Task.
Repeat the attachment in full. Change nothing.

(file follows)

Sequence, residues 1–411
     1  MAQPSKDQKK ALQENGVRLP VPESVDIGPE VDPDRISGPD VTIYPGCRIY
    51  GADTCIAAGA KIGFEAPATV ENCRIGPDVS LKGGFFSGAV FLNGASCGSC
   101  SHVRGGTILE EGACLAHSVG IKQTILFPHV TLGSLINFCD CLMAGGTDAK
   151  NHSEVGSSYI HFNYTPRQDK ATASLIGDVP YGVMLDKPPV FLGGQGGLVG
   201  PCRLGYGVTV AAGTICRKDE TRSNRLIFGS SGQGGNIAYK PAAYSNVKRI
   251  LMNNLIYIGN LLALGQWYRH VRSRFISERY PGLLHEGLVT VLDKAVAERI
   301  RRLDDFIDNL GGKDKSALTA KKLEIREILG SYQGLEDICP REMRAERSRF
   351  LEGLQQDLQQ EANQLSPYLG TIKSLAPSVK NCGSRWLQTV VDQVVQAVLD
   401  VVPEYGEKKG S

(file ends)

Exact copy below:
Sequence, residues 1–411
     1  MAQPSKDQKK ALQENGVRLP VPESVDIGPE VDPDRISGPD VTIYPGCRIY
    51  GADTCIAAGA KIGFEAPATV ENCRIGPDVS LKGGFFSGAV FLNGASCGSC
   101  SHVRGGTILE EGACLAHSVG IKQTILFPHV TLGSLINFCD CLMAGGTDAK
   151  NHSEVGSSYI HFNYTPRQDK ATASLIGDVP YGVMLDKPPV FLGGQGGLVG
   201  PCRLGYGVTV AAGTICRKDE TRSNRLIFGS SGQGGNIAYK PAAYSNVKRI
   251  LMNNLIYIGN LLALGQWYRH VRSRFISERY PGLLHEGLVT VLDKAVAERI
   301  RRLDDFIDNL GGKDKSALTA KKLEIREILG SYQGLEDICP REMRAERSRF
   351  LEGLQQDLQQ EANQLSPYLG TIKSLAPSVK NCGSRWLQTV VDQVVQAVLD
   401  VVPEYGEKKG S